First of all you do not try to help the dead. They are dead. They don't care.<br />
Call 911 to report the scene. Better yet assign someone to do this and to report back to you. <br />
Quickly assess each person. <br />
Use ABC's. Airway. Breathing. Circulation.<br />
Stabilize. Move on. <br />
Update rescuers. Have bystanders help with simple tasks. Get everyone to help. Monitor for shock. You have lives in your hands. Just be calm. And do your best. Help is on the way. The more you know, the more you can help. Relax.
I'd try to help.
i would evaluate the accident check on survivors, render aid where i can. then call 911
I have been first. It was before cell phones,I helped 2 people out of their cars,and then directed traffic around the wrecked cars,till the cops came. It was Dark, in the country, and one of the cars was upside down in the road.
Actually, it was really exciting. No one was seriously Hurt.
I call 911
Call 112 (loal equivalent of 911) Offer assistance. What else can one do?
I've never been there. I dont think that I could do much for the dead...Hey, what about that nap, Princess? You can have the couch. Just lie down, close your eyes and pretend I'm not there? Not hard to do....
Sure, I can free a little time from my "busy" schedule. What are we shopping for?
I have a few extra bucks, Princess. I'd be happy to help you out...please!
I was not really freaked.I was surprised I was still alive.Then I had security call for an ambulance.
Call 911 then freak. You can't help the dead and sometimes you can hurt the injured if you move them. But you always want to try and help sometimes just being there so they are not alone
999 in the UK, if I have reception. If not see who can go to where there is reception while I see if I can give appropriate first aid. I'll freak out later.
911, then break out the first aid kit...
I would run and call 911 at the same time while I attend to the injured.
I call 911 while I try to help.
Stay calm, call 911 and help as best I can
Check for a pulse..triage..airway, breathing, circulation, than call 9-11 and begin CPR. If there are others present assign tasks and don't panic!
I saved somebody's life, a few years ago, by dragging them from their burning car and performing chest compressions to restart their heart after he had become unconscious from smoke inhalation.<br />
There were at least a dozen bystanders who wouldn't lift a finger; and one was registered nurse, but she was likewise too freaked out to help. I couldn't even get anybody to elevate the unconscious victim's legs, so as to cause blood to flow to his brain.<br />
One guy told me that he was too afraid to help because the victim looked spooky as if he were already dead. (I thought he might have been dead, too.)<br />
I felt very depressed for many days thereafter. I was bitter and cynical about all the bystanders who did nothing. They were eager to get in the way, so they could watch, but none would lend a hand.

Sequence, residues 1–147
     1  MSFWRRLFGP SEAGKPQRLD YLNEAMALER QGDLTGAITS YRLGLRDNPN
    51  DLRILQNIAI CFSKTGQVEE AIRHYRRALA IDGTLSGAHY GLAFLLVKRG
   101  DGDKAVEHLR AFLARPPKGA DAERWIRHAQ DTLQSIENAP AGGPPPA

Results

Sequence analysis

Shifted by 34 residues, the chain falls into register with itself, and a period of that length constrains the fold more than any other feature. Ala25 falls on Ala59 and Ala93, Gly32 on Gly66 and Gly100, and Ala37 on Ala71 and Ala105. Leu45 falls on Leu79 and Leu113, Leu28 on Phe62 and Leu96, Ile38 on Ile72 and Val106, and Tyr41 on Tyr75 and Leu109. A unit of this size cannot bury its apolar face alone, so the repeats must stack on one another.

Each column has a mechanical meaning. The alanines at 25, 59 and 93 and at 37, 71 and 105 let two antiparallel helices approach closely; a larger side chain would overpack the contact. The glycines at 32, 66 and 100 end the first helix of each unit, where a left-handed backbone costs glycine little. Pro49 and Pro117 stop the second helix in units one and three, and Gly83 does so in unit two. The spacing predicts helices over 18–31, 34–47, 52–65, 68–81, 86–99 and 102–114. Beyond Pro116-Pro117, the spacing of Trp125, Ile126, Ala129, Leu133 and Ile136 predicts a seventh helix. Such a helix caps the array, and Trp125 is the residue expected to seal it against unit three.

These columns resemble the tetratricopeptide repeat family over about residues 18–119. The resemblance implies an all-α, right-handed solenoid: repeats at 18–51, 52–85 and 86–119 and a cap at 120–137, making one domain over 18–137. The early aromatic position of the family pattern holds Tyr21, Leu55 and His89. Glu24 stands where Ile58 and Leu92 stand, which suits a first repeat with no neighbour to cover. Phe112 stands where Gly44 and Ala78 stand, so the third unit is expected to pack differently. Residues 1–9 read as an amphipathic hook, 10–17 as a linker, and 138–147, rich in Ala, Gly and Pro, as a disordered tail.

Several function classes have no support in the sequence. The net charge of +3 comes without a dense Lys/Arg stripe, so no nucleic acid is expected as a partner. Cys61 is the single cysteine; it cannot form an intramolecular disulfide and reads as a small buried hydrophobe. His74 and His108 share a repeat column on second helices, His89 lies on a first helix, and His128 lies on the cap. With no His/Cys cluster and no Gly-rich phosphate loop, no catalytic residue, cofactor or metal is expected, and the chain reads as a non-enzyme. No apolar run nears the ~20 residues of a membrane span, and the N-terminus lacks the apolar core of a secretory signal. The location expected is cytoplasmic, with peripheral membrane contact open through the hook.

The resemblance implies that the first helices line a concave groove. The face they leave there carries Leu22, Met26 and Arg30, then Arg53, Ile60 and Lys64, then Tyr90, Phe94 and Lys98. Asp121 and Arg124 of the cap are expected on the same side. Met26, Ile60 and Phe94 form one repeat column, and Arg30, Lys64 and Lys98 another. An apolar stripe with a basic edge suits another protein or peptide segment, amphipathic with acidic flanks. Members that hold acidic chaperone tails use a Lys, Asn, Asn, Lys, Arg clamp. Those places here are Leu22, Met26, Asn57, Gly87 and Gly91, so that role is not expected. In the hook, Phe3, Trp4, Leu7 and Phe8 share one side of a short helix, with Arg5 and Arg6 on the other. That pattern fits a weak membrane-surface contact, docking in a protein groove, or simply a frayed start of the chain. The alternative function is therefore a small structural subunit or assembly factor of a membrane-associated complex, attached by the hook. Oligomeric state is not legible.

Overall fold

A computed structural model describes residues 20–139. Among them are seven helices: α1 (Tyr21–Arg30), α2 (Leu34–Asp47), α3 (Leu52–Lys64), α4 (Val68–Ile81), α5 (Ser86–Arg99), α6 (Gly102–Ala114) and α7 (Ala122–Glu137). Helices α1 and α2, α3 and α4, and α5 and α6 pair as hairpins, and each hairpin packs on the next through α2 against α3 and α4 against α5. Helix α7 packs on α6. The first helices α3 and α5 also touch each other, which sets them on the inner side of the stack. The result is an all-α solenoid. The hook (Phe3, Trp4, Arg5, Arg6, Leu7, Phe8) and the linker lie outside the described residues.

1) Assess if anything is in such a condition as to present an immediate threat to any of the injured, trapped, or attending bystanders (i.e. fire, hanging over edge of something, HazMat release or potential to, still rushing traffic).<br />
2) Assess if any of the injured have injuries that if not immediately attended to would lead to death (i.e. arterial bleeding, amputations, not breathing).<br />
3) Call EMS/911 while attending to 1 & 2 or get another onsite person to do so.<br />
Pay particular attention to #1, A LOT of fatalities amongst even seasoned first responders come from going into an emergency situation blindly and ending up with the victims. This is especially so in the case of situations with an associated degradation of the area atmosphere (i.e. a toxic or suffocating gas release and confined spaces). Most people will not encounter this in even severe traffic accidents, but you should consider and be aware for it.<br />
A few years back an entire family save the smallest child was lost on a cool breezeless morning on a farm back east when, one by one, the family members descended into a shallow pig waste basin to try to retrieve the father, and then the subsequent other members as each one who entered went down in the low oxygen depression. It was literally only a 3-5 foot sloped depression, but the wastes evolved gasses that collected in the depression and caused each potential rescuer to pass out the minute they hit it, and they subsequently suffocated.
Certainly call 911. Check to see if I can comfort anyone without moving them much. See if anyone is stuck in or under a car. Help those I can help and comfort the ones I can't. Unfortunately, I have no medical training
Call 911. then as being a retired paramedic of 28 yrs experience, check for life threatening injuries and take blood pressure and pulses until help arrives
I am CPR trained and would NOT freak out, would assess the situation while having someone call 911